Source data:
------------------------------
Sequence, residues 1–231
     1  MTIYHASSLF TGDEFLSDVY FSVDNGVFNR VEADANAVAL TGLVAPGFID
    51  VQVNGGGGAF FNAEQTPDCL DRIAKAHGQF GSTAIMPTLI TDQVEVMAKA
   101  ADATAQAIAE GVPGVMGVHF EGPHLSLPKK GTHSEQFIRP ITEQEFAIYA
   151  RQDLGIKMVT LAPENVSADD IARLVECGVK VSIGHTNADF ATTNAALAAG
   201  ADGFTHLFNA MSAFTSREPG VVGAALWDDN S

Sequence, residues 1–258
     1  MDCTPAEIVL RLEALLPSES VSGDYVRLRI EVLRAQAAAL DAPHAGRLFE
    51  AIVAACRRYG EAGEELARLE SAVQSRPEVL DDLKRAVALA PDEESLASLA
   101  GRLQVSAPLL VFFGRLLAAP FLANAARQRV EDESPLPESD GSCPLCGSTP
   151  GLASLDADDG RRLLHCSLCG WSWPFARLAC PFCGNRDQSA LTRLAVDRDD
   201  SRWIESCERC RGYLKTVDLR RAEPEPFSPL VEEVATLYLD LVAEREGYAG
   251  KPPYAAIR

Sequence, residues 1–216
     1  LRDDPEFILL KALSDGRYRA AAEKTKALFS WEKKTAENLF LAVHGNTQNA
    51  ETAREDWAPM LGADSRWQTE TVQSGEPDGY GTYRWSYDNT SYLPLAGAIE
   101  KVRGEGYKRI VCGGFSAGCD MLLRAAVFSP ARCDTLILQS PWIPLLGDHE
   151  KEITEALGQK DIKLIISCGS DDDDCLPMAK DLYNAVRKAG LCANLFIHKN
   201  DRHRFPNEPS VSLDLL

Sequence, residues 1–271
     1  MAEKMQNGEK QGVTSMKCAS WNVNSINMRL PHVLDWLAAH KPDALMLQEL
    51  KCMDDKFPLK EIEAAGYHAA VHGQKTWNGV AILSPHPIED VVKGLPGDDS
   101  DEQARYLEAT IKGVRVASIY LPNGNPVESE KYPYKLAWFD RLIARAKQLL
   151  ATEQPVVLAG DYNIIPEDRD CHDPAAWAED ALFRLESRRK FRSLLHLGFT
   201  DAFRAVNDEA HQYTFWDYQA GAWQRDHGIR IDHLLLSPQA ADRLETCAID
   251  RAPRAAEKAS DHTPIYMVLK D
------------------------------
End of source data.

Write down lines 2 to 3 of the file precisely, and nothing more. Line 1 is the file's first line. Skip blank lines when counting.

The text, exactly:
     1  MTIYHASSLF TGDEFLSDVY FSVDNGVFNR VEADANAVAL TGLVAPGFID
    51  VQVNGGGGAF FNAEQTPDCL DRIAKAHGQF GSTAIMPTLI TDQVEVMAKA